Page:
Haiku is an open-source operating system that specifically targets personal computing. It’s inspired by BeOS. To learn about the history of BeOS and Haiku, check out the video The Rise, Fall, and Rebirth of BeOS.

Haiku runs on Intel processors, but what are your options if you have an Apple silicon Mac? You can actually run Haiku in UTM, a virtual machine platform that supports emulating other processors.

Let’s walk through the process of installing Haiku on UTM. You can go through the steps in this blog post or watch in video form:

These instructions were written on macOS Ventura 13.4.1 on an Apple M1 Max processor, with UTM 4.2.5 and Haiku R1/beta4.

Big thanks to Action Retro for giving me the UTM settings to use!

First, install UTM from the Mac App Store or by downloading from GitHub.

Next, download the latest Haiku beta .iso disk image file (beta 4 as of this writing).

Start UTM and click “Create a New Virtual Machine”. Since we need to emulate an Intel processor, click “Emulate”.

Under “Operating System”, click “Other”.

Under “Boot ISO Image”, click “Browse…”. Choose the Haiku .iso file you downloaded.

You can leave the default settings under “Hardware”, then the same for “Storage”, and “Shared Directory”.

Under “Summary”, change the name to something like “Haiku” so you can recognize it.

Click “Save”. The Haiku VM should show in the left-hand sidebar.

Click the play button next to it to start the VM.

A window should appear and you should see the Haiku logo and startup screen.

After this you should see a “Welcome to Haiku!” window. On my machine the cursor is not responsive for a few seconds, but after this you should be able to seamlessly move the cursor into and out of the VM window.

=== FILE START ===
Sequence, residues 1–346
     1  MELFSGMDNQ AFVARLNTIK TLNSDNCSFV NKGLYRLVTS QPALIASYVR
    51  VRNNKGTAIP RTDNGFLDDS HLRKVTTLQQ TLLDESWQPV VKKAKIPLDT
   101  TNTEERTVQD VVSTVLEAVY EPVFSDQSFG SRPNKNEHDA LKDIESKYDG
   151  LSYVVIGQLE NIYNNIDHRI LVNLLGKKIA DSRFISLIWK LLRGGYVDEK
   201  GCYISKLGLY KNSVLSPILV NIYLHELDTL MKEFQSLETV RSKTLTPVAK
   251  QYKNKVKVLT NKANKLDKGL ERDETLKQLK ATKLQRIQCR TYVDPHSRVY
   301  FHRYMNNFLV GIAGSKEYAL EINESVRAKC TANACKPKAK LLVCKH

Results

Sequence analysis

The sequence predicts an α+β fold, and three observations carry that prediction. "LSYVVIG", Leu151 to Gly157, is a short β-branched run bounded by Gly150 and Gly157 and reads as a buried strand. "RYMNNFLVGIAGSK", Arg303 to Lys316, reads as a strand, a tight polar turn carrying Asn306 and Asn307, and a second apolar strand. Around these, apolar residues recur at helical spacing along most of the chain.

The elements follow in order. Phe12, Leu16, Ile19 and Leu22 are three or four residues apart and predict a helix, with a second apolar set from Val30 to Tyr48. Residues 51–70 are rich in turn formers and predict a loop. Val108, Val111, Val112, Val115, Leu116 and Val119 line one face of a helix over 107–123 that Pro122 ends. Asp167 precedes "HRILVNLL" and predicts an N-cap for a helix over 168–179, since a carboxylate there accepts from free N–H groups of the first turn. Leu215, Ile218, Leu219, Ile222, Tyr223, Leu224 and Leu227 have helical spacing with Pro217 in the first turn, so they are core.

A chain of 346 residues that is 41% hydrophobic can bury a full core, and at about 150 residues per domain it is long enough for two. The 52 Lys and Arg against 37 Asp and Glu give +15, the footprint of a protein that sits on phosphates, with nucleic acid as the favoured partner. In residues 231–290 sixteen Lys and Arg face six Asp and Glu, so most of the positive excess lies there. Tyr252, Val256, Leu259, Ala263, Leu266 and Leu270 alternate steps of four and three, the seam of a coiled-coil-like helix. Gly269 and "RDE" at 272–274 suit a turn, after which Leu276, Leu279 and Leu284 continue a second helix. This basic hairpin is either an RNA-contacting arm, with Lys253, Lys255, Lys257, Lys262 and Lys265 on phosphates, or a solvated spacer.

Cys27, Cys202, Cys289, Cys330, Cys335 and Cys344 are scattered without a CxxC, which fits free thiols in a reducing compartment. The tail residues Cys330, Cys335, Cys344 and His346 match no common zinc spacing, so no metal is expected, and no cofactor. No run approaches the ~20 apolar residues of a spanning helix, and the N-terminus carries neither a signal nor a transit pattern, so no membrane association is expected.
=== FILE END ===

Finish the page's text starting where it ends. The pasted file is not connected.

If you want to go straight to the installer, you can click “Install Haiku”.

Or, if you want jump right to trying it out you can click “Try Haiku” to try it out booting off the .iso file. If you decide you want to install it (and why not, in a VM?), you can click the blue feather menu icon at top-right, then “Applications”, then “Installer”.

Either way you end up in the installer, click “Continue” to go past the welcome text screen.

Next you should see a “No partitions have been found” error. This is expected: we need to format the virtual hard drive for Haiku. Click “OK”, then “Set up partitions…”. You will be brought to DriveSetup.

A warning about partitioning! Partitioning in general can erase data on your hard disk. You should be fine in this case if you followed the above instructions, because the VM should only see the virtual hard disk that is in a file, not your full physical hard disk. But I can’t be responsible for if you have any data loss. Make sure you know what you’re doing, always back up your computer, and stop and ask someone if you’re not sure!

Click the row with volume name “QEMU HARDDISK”. Then choose “Partition” > “Format” > “Be File System”. You’ll be asked “Are you sure you want to format a raw disk?”—choose “Continue”.

The next dialog will prompt you for a drive name and block size—you can keep the defaults.

Click “Format”, then “Write changes”. Very quickly you should see a confirmation “The partition ‘QEMU HARDDISK’ has been successfully formatted.” Click OK.

Close out of DriveSetup by clicking the square at the top-left of the window tab. You will now be back at the Installer.

Click the dropdown next to “Onto”, and you should now see “QEMU HARDDISK” listed—choose it.

Now click “Begin”. Installation will start. After a minute or so, you will see a confirmation message “Installation completed.”

Click “Restart”. Haiku will restart, but it will boot into the installer again—this isn’t what we want. To tell the OS to shut down, choose “Try Haiku”, then click the feather menu > “Shutdown…” > “Power off”.

Close the VM window. This should take you back to the list of VMs. Make sure your Haiku VM is selected, then click the “CD/DVD” dropdown and choose “Clear”.

This next step is very important: without it, Haiku won’t boot, it will just put you into a terminal that fails to launch. Choose the “Edit selected VM” icon at the top-right of the toolbar: it looks like a series of sliders. Click “QEMU”, then uncheck “UEFI Boot”. Click “Save”.

Now, start the VM again. This time, it should boot right into the Haiku desktop.